Resources for Teaching and Learning English in Infant and Primary Education
Teachers are bombarded with proposals to innovate in their lessons but teaching English is sometimes a rather solitary task. The course's main purpose is to offer people interested in the field of foreign language teaching “food for thought” and resources to make children’s learning experiences much more updated, fun, simple, dynamic and adapted to the 21st century competencies and skills they need to master.
The course is divided into 15 three-hour thematic sessions. Each session will evolve around one particularly relevant topic related to the teaching of English to young and very young learners (students aged 3-12), but connections will be made between one session/topic and the others. All sessions will combine brief theoretical explanations with a broad array of practical activities in which participants are expected to take an active role. Attendees will also be asked to participate and/or lead group discussion to share (and contrast) their opinions, ideas, knowledge, beliefs, doubts, and experiences upon the implementation of the practical activities done in class.
No prior experience in teaching English to children and very young children is required. Yet, the course is designed to suit the needs of in-service teachers, too. The lessons will be carried out entirely in English; consequently, participants are expected to have a good command of this language.
This is a PRACTICAL COURSE, therefore listing here all the teaching/learning activities we will experiment in class is far from being a worthy task. Theory will be constructed while participants conduct the tasks proposed by trainers in a virtual environment. These tasks will engage participants in the process of discovering and exchanging educational materials. All tasks are interactive and combine theory and practice. Some of the tasks are to be done individually and are self-corrected. Other tasks will be done collaboratively, but asynchronously, among participants in the virtual environment. Students will always receive direct feedback from the course trainers.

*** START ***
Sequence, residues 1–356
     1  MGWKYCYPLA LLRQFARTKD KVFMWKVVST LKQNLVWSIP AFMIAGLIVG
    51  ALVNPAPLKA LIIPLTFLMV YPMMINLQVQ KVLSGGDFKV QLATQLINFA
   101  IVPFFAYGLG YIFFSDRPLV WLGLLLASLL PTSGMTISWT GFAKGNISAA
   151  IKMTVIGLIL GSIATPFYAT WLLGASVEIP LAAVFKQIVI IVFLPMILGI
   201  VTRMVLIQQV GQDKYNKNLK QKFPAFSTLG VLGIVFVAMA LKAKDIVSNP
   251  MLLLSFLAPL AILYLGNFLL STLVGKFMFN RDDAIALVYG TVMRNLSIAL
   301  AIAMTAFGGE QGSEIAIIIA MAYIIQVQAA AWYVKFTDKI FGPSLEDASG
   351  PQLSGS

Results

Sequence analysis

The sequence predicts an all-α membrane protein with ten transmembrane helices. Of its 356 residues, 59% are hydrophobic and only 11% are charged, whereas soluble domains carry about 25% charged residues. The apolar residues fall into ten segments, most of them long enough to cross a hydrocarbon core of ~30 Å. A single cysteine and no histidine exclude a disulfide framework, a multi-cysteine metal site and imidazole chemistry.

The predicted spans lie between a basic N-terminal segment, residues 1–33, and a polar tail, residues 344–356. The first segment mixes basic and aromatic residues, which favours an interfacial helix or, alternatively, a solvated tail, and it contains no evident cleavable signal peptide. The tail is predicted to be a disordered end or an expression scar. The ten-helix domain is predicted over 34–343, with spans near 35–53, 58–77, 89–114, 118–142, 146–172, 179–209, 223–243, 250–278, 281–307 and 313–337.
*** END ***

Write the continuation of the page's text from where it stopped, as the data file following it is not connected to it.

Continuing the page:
From Monday to Friday. Online.
From 9 a.m. to 12:30 p.m.
In order to get a passing mark in this course (minimum total score 50/100), participants will be asked to complete four tasks, each of which is compulsory and contributes 25% to the total assessment mark. A minimum score of 40/100 is required in each task to be considered complete.
TASK ONE: Accessing the materials and taking active participation in class activities and discussions. Deadline: End of course. As the course is very experiential, participants are expected to conduct a minimum of 80% of the individual and collective tasks proposed in the virtual classroom. Participants are expected to display a positive attitude and to demonstrate critical thinking when participating in class discussions. Accessing the materials and attending the three synchronous sessions is compulsory to be able to take part in the class activities and discussions.
TASK TWO: Elaboration of a short reflective essay to be submitted at the end of session 6. Participants should deepen into the study of one of the issues linked to the course contents and produce a two-page reflective paper. First, they should read one article on the topic chosen, then they should briefly present the theoretical considerations made in the selected article, and finally they should present a methodological proposal illustrating how to incorporate the theoretical postulates contained in the article into the classroom. More detailed instructions will be given in due course.